The other thing I love about trains is that the stations are often right downtown. In Montreal I step off the train, walk into the station and across the hall to the hotel elevator. This is the way to travel!

So Thursday when I go home to Ottawa, my toughest decision will be which breakfast pastry to have with my hot breakfast and whether to take a conference call enroute or just sit back and watch a movie on my laptop. Sometimes travel isn’t so bad after all.

On the Road Again– Tipping with Loons and Bears oh my!

LooniesToday I parked at a Park and Fly lot. As I climbed into the shuttle van I glanced at the cup in the front of the van obviously intended for tips and paused. I can afford to give someone a tip, and I believe in tipping someone for good service. If only I good figure out a reasonable measure of who I should tip and how much.

Obviously you tip a waiter or bartender unless the service is downright abysmal. In general I’ll tip 15-20% most of the time in restaurants. There is nothing awkward about tipping a waiter, they hand you the bill, quietly walk away so you can choose how much to give them as a tip. I find it a bit more awkward with a doorman when you have to politely place a dollar bill or two into his hand.

The Americans may have a reputation for being less polite than Canadians, but they also have a reputation for being better tippers. When I travel in the US, by virtue of hanging around with my American friends, I have adopted the habit of keeping a few $1 bills in my wallet to hand as needed to a doorman who hails me a cab, or for a maid who stops by my room to clean up the glass deodorant container I knocked over that broke on the bathroom floor. I would happily do the same when I return home in Canada. But here’s my problem: loonies and toonies. It’s one thing to hand the doorman a dollar bill, but somehow a coin, even a coin worth a dollar or two dollars feels cheap. Our smallest bill is $5 but am I really going to give a $5 bill to a guy for blowing a whistle and asking a taxi to pull up to the curb or for picking up my suitcase putting it in a van and driving me in his shuttle bus to the terminal.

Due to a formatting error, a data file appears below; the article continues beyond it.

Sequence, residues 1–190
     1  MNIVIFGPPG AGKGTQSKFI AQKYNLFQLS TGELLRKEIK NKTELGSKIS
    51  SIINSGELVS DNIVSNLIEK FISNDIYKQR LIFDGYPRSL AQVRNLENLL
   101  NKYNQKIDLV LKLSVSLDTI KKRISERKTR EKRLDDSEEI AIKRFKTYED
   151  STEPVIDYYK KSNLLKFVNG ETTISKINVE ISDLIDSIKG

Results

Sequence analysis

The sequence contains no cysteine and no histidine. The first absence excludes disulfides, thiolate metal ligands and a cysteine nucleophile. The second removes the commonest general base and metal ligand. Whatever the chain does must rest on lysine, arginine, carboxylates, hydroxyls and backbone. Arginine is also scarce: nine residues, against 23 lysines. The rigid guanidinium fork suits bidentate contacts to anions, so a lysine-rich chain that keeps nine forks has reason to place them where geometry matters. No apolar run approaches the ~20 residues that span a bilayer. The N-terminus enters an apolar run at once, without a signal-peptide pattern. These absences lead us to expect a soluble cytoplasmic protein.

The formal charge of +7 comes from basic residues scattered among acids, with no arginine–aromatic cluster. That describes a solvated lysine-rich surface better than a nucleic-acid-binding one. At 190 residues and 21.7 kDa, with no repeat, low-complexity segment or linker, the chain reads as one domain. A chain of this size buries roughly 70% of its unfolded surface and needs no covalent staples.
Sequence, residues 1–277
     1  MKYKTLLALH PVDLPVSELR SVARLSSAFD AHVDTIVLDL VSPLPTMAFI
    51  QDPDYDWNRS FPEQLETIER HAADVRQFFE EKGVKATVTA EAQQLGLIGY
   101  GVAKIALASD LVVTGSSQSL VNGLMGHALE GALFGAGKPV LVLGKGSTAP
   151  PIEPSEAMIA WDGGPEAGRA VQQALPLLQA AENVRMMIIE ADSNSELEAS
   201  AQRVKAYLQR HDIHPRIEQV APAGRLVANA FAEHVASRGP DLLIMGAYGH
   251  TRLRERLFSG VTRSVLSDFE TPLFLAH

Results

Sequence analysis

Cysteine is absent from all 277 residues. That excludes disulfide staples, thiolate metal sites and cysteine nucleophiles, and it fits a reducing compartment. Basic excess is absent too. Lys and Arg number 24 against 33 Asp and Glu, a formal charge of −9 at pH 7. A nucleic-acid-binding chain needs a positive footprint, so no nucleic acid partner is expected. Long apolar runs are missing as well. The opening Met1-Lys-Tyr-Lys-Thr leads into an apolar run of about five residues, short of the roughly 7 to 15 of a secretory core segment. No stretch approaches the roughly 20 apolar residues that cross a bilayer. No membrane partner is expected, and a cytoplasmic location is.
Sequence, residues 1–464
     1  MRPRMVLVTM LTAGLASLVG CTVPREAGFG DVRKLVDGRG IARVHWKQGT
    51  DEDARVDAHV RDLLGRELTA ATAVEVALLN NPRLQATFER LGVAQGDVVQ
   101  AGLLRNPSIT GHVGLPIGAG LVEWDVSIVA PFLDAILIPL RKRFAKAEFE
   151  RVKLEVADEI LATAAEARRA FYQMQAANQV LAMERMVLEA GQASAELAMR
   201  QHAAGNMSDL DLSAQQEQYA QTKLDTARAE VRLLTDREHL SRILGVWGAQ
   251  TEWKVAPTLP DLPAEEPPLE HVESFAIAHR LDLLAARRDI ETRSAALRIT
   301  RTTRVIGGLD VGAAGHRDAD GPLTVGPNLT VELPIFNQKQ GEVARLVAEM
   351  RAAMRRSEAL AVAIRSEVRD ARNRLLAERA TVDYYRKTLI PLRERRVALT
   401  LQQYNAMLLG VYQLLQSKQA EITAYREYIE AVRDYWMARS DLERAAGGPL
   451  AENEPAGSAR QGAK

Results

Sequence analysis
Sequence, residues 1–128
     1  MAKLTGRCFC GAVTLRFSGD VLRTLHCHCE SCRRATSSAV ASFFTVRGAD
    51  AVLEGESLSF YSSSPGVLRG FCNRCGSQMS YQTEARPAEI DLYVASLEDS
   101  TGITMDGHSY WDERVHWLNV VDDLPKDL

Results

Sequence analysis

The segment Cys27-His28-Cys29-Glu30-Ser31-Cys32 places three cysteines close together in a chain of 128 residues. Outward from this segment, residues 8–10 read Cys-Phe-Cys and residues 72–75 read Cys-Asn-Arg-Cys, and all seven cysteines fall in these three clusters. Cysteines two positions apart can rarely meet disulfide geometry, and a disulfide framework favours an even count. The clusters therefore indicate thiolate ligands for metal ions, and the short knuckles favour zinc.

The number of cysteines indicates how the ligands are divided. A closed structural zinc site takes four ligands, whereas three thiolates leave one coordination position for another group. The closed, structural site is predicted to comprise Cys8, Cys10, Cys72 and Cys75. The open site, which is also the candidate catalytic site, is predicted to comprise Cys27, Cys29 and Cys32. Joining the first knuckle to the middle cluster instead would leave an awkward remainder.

With maid service I can always leave a larger bill at the end of my stay. That doesn’t work so well with my Park and Fly driver who is different every time I have a flight, or the doorman who calls me a cab.

I love loonies and toonies. When I think I am broke, I can find enough change in my purse to buy lunch or pay for parking. But is handing a doorman a loonie or toonie a thank you or an insult? Maybe I should keep the cool Olympic loonies on hand so I can help them complete their Olympic coin collection, or make sure I hand out the anniversary Montreal Canadians loonie when I travel in Quebec. Or maybe I should just take advantage of the countries that still have bills for lower denominations, anyone know the exchange rate for a Kenyan dollar?

To finish up, my top 5 odd or awkward tipping situations, maybe I really am a scrooge.

  1. The hairdresser when the machine where I swipe my credit card doesn’t give me the option of adding the tip myself.  What am I supposed to do when I have no cash and they’ve already entered the amount?
  2. The person who washes your hair at the salon, I once had one blatantly hinting at tips, do I really have to tip the shampoo person as well as the stylist? Doesn’t the stylist share tips with the hair washer?
  3. Bag check at hotels, do I tip the guy who takes my bag or the guy who brings it back, or both?
  4. Sometimes I wish I could tip certain airline staff, there are some who really do go above and beyond with a smile, those people make a difference in my day!
  5. The food court tip jar beside the cashier, especially when you pick up the food and drinks yourself and just walk to the cash to pay.  I am really expected to tip you for taking a slice of pizza and putting it into a cardboard box for me?

Racing around town – tales from the road